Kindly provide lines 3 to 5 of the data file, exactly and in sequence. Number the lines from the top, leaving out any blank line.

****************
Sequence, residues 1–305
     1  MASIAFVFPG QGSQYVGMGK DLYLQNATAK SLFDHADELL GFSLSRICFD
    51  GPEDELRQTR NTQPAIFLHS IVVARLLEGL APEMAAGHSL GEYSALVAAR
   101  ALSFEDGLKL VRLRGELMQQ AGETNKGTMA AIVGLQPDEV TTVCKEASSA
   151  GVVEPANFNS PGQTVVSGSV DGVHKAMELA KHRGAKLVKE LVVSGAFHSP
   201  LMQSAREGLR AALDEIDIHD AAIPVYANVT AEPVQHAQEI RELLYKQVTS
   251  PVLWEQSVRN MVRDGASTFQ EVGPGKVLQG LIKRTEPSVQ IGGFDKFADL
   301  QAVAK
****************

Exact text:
    51  GPEDELRQTR NTQPAIFLHS IVVARLLEGL APEMAAGHSL GEYSALVAAR
   101  ALSFEDGLKL VRLRGELMQQ AGETNKGTMA AIVGLQPDEV TTVCKEASSA
   151  GVVEPANFNS PGQTVVSGSV DGVHKAMELA KHRGAKLVKE LVVSGAFHSP